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How to Comfort Someone in Crisis

Text by Val Walker

What's the best thing you can do for a person in pain? You can listen. 

The word "comfort" originates from the Latin "con fortis," meaning "to be strong with." Being strong with someone means creating a sanctuary for them, just listening and allowing the person to acknowledge their pain. 

I believe many of us feel uncomfortable in the role of comforters because the act of comforting tends to go against our common approaches to helping each other. 

We Americans especially value goal-oriented solutions. We think helping someone in pain means helping them "get over" the problem. 

We're less comfortable in a receptive, listening role, which is what people in distress need.

Over my 16 years as a facilitator of support groups for bereaved, traumatized, or gravely ill people, many have shared some of the statements others have made in their attempts to offer comfort, as well as their "backfiring" effects. 

Here is a list of these common platitudes, and suggestions for more helpful things to say.

LESS HELPFULMORE HELPFUL
"Be strong and you'll get through it.""I can only imagine how you've coped."
"It happened for the best.""I'm so sorry this has happened."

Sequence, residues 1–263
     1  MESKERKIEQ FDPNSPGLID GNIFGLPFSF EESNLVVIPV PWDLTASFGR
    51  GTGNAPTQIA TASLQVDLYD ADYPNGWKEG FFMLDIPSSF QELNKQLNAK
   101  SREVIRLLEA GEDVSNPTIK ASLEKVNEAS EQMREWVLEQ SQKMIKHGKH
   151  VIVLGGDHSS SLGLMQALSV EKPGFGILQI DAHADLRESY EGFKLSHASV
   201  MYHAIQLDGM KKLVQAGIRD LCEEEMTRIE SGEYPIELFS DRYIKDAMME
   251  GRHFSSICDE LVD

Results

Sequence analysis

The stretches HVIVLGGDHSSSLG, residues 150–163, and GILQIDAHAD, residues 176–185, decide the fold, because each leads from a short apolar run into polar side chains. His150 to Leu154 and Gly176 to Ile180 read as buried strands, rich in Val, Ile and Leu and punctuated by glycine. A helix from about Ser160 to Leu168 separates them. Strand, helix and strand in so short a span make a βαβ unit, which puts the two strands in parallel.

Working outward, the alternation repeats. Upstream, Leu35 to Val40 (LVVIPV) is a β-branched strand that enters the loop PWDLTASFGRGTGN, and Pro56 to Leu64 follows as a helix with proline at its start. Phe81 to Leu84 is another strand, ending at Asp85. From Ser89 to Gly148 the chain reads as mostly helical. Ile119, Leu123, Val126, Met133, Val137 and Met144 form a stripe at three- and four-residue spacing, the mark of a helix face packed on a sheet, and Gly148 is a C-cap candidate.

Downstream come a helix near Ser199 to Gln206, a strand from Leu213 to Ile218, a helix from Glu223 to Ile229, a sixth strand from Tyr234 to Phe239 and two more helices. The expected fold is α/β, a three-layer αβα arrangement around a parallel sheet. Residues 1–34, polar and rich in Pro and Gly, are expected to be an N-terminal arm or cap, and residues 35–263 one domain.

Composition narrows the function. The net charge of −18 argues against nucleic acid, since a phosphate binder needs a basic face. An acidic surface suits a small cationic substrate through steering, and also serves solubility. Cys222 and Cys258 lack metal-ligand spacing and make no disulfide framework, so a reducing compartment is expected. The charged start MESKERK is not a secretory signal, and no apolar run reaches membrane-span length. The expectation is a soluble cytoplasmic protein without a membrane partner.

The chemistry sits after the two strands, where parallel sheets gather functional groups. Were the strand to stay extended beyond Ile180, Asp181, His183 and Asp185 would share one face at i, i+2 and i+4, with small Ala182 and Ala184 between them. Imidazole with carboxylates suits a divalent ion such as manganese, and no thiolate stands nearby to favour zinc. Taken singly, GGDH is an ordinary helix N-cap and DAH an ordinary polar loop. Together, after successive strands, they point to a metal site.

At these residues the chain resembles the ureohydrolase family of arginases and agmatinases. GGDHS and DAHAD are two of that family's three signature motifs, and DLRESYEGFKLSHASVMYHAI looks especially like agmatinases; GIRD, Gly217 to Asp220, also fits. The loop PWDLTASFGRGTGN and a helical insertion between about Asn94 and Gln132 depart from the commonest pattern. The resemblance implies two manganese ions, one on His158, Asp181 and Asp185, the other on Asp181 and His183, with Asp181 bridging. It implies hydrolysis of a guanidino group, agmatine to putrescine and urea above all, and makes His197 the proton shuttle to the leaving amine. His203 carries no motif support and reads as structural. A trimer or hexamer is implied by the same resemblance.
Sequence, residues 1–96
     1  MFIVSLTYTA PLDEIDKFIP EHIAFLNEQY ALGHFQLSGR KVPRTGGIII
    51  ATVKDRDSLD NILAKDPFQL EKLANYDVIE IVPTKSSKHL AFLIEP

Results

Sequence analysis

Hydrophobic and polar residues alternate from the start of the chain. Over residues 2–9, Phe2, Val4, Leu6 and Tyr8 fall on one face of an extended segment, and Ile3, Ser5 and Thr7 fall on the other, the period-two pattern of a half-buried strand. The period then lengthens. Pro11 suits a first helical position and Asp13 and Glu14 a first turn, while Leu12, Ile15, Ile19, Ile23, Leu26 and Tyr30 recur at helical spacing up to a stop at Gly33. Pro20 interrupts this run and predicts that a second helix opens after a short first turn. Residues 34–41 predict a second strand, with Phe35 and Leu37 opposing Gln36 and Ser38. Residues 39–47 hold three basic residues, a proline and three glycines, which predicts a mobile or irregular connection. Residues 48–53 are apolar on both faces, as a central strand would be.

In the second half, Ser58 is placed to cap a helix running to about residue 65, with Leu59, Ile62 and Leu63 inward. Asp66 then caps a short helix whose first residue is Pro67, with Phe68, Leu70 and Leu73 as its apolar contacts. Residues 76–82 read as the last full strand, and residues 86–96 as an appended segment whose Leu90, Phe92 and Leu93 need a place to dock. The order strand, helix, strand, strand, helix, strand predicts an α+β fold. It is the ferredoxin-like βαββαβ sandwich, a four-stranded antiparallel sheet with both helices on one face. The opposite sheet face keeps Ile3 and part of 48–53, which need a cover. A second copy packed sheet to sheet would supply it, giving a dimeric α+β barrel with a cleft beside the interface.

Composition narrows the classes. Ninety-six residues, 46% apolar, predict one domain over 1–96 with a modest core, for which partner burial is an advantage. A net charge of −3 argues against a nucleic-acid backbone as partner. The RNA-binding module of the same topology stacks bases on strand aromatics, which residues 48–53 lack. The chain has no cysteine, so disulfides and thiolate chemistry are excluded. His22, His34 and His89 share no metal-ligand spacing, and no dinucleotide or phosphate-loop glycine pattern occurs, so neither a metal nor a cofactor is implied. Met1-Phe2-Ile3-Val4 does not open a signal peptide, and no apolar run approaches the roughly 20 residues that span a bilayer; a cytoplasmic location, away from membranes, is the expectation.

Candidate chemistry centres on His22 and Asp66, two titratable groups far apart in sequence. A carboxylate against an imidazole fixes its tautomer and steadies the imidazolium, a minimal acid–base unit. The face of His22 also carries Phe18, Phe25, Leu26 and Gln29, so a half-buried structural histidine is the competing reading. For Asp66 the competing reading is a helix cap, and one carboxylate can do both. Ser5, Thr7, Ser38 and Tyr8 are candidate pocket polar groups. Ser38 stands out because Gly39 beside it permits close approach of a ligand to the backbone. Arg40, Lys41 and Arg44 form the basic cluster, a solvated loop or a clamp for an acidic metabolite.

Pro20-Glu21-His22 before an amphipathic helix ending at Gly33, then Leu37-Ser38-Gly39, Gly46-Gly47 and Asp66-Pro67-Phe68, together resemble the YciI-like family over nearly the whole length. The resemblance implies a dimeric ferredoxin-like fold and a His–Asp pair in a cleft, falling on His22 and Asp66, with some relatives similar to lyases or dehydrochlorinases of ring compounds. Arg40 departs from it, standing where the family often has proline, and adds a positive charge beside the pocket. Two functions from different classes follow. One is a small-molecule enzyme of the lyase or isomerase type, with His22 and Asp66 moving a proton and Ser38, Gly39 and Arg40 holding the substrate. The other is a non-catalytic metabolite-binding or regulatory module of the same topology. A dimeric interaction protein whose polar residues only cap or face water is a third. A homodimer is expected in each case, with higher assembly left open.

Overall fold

"You are lucky that your father died peacefully.""I was so sad to hear the news about your father."
"Your fears have probably made your chakras imbalanced.""How is your body dealing with the strain?"
"You have your whole life ahead of you.""Allow some time for this."
"I know what that's like.""Do you mind telling me what it's like?"
"This is a part of life, part of living.""No one should have to go through that."
"You can always adopt a child.""You've tried so hard. I'm so sorry."
"When you feel ready, just give me a call.""I'll call you Monday night to touch base."
"You should go to a support group.""Have you ever thought about a support group?"

Val Walker teaches comforting in schools and hospitals. This excerpt is adapted from her book "The Art of Comforting: What to Say and Do for People in Distress" (Copyright Jeremy P. Tarcher, a member of the Penguin Group).

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